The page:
As one of the Penn Summer Abroad centerpiece programs for over 30 years, the Penn Summer Abroad in London program offers students the opportunity to study literature, theater, art, and culture in of the most diverse and exciting urban centers in the world. Students choose two of the available courses, which explore topics in literature, theater, cinema, and culture. All courses involve field trips, attending world-class theatrical performances, and a variety of on-site, hands-on experiences. Each course also fulfills a general education and English major requirement.
November 15, 2023
Early Application Deadline
January 31, 2024
Final Application Deadline
March 1, 2024
Please read the important instructions on the Application Information page before starting your application.
After clicking “Apply Now” please select “School of Arts and Sciences, College of Liberal and Professional Studies.” You can then select “Penn Summer Abroad - Penn Students” or “Penn Summer Abroad - Non-Penn Students.”
|Recommended arrival in London
|Saturday June 8 (a.m.)
|Program housing check in date
|Saturday June 8
|Saturday June 8
|Monday June 10
|Friday July 12
|Program housing last checkout date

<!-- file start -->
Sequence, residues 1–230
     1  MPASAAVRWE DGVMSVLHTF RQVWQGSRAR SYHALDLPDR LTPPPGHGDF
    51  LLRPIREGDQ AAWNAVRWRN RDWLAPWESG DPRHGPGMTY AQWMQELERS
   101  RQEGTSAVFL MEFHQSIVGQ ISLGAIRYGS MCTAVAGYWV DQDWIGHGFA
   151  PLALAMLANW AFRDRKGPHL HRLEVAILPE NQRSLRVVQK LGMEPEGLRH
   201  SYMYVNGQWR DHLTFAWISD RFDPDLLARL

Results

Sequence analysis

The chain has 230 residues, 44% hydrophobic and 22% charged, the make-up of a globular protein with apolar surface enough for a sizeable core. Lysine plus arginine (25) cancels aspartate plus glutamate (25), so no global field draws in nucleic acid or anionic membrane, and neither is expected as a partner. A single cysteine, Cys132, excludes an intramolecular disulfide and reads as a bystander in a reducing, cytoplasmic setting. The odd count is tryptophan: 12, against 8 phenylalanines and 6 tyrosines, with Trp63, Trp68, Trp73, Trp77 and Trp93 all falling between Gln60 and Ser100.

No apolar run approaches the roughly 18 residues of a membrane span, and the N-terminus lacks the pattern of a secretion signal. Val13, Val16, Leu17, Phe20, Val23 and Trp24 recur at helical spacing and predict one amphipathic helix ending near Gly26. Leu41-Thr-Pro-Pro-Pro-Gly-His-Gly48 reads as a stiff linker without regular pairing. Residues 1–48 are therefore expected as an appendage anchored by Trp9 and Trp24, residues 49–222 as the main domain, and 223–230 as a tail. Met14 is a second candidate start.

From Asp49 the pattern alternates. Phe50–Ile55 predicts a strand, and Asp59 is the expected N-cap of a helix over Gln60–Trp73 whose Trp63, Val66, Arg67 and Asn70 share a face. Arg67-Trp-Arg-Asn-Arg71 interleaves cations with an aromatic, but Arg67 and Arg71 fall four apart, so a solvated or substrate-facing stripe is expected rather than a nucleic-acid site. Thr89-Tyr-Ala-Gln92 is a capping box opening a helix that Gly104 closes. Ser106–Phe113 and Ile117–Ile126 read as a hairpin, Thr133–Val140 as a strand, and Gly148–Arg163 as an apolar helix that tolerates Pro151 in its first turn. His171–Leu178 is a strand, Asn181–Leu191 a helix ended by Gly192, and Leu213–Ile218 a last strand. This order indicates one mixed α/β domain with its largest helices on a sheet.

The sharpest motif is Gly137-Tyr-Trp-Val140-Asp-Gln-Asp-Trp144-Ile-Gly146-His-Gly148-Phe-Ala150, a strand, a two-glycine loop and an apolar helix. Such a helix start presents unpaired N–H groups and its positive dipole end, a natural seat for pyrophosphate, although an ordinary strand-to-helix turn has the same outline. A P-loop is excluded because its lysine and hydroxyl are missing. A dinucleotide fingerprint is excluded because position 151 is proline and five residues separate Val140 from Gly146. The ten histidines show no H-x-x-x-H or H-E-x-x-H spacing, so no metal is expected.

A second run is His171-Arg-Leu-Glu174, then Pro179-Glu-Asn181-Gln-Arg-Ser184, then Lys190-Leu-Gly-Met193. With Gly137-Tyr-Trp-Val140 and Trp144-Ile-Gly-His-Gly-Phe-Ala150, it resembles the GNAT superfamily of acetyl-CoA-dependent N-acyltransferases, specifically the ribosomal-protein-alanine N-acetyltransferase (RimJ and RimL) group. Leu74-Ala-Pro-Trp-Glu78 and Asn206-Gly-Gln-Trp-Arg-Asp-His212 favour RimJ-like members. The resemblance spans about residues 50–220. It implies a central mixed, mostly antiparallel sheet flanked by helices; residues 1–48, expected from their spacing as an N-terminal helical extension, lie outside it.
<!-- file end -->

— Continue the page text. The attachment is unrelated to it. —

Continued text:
|Saturday July 13
All students register for a total of two course units (c.u.)*. Course offerings are subject to change. Course registration is completed by the Penn Summer Abroad office for students who confirm their intent to enroll and submit the required pre-departure documents.
Cultures of the Book
ENGL 1600 (1 c.u.)
- Fulfills requirements: Sectors 1, 3, 4 of the English major and Sector IV Humanities and Social Sciences of gen ed
This course aims to challenge everything you thought you knew about books, reading, and writing. For this special “London edition,” we will focus on how cultural heritage has (and has not) been collected and exhibited in the city’s extraordinary libraries and museums. We’ll begin with the British Library, the largest national library in the world (and once part of the British Museum). We’ll explore the library’s rare treasures and learn how its staff use the latest technologies to make these important books accessible to a new generation of readers. At the same time, we’ll turn a critical, historical eye on the British Library as an institution, tracing its origins back to eighteenth-century imperialism and linguistic nationalism. How have Enlightenment values shaped what “counts” as literature? Who decides what texts are saved and read? With this history in hand, we’ll consider counter-archives where individuals have, over the centuries, saved what otherwise would have been lost. Roaming the back alleys of London, we’ll visit small zine libraries and collections of political ephemera. Throughout our discussions and site visits, we’ll keep an eye on the ethics of collecting cultural heritage and the passions that drive it. As a capstone assignment, students will collaborate on producing their own digital humanities project(s).
London Theater Experience
ENGL 1899 (1 c.u.)
- Fulfills requirements: Sector 6 of the English Major, Sector III Arts & Letters of gen ed